Volume 6 of Rene Henry’s edition of the Bibliotheca of Photius arrived this morning. The first codex in it is a review and summary of Damascius, Life of Isidore. This now lost work was written by the 6th century Neo-Platonist philosopher, about his predecessor as head of the school at Athens. I obtained it, as it is said to contain details about the cult of Attis.
The text is a rambling one, full of interesting historical and mythological details. Here is one, from p.34:
131. At Hierapolis in Phrygia there is a temple of Apollo and under the temple a subterranean fissue descends, which exhales lethal vapours. It is impossible to pass this gulf without danger, even for birds, and everyone who enters it dies. But the author says that it is possible for initiates to descend into the crevasse itself and stay there without injury. The author says that he himself and the philosopher Dorus, led by curiosity, descended into it and returned unharmed. The author says, “I then slept at Hierapolis and in a dream it seemed to me that I was Attis and that, by the order of the Great Mother of the gods, I was celebrating what is called the festival of the Hilaria; this dream signified our liberation from Hades. On returning to Aphrodisias, I recounted to Asclepiodotus the vision that I had in the dream. And he, full of admiration for what had happened to me, recounted to me, not “a dream for a dream”, but a great marvel in exchange for a little one.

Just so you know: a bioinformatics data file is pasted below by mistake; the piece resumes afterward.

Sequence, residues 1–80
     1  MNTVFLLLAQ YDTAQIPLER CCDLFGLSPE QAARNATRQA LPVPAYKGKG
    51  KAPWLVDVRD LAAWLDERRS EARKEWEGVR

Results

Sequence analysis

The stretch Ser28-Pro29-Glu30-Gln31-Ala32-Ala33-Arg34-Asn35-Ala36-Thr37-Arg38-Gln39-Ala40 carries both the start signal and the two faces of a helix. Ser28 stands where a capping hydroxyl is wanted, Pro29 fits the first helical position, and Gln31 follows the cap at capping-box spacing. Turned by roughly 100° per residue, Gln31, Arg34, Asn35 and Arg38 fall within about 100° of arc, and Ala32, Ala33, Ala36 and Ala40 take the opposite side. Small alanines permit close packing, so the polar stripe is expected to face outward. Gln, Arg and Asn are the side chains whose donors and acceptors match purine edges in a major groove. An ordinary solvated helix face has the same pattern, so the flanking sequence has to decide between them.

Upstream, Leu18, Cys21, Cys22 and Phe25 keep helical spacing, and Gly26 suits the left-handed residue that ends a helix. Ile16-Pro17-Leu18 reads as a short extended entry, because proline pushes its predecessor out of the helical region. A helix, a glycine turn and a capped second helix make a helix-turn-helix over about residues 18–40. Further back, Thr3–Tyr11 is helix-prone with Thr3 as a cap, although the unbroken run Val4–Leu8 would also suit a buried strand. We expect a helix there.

He said in fact that in his youth he had gone to that place to study the nature of it. He had rolled his mantle two and three times around his nostrils so that in the event of frequent fumes, he could breathe not the poisoned and deleterious air but pure and safe air which he had brought with him captured in his mantle. Proceeding thus, he entered on the descent, following a current of hot water which came out from there, and ran the length of the inaccessible crevasse. All the same he didn’t get to the bottom of the descent, because the access to it was cut off by the abundance of water and the passage was impossible to an ordinary man, but the one descending, possessed by the divinity, was carried to the bottom. Asclepiodotus then climbed back up from that place without injury thanks to his ingenuity. Later he even tried to recreate the lethal air using various ingredients.
It would be interesting to know if any such crevasse is found today at Pessinus. No doubt the fissure was volcanic, the fumes were likely to cause asphyxiation, and those overcome no doubt did dream, influenced by their surroundings. Did the Attis myth owe its being to the actions of some early priest of Cybele accidentally mutilating himself while imagining himself with the Great Mother?